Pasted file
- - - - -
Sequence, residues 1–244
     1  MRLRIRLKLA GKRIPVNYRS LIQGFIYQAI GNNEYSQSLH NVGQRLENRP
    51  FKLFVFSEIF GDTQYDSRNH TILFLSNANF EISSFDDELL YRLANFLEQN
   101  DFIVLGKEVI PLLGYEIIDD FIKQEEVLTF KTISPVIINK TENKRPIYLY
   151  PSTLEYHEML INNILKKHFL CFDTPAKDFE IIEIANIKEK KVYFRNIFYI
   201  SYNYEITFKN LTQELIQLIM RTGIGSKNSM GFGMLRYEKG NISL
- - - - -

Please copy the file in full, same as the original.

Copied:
Sequence, residues 1–244
     1  MRLRIRLKLA GKRIPVNYRS LIQGFIYQAI GNNEYSQSLH NVGQRLENRP
    51  FKLFVFSEIF GDTQYDSRNH TILFLSNANF EISSFDDELL YRLANFLEQN
   101  DFIVLGKEVI PLLGYEIIDD FIKQEEVLTF KTISPVIINK TENKRPIYLY
   151  PSTLEYHEML INNILKKHFL CFDTPAKDFE IIEIANIKEK KVYFRNIFYI
   201  SYNYEITFKN LTQELIQLIM RTGIGSKNSM GFGMLRYEKG NISL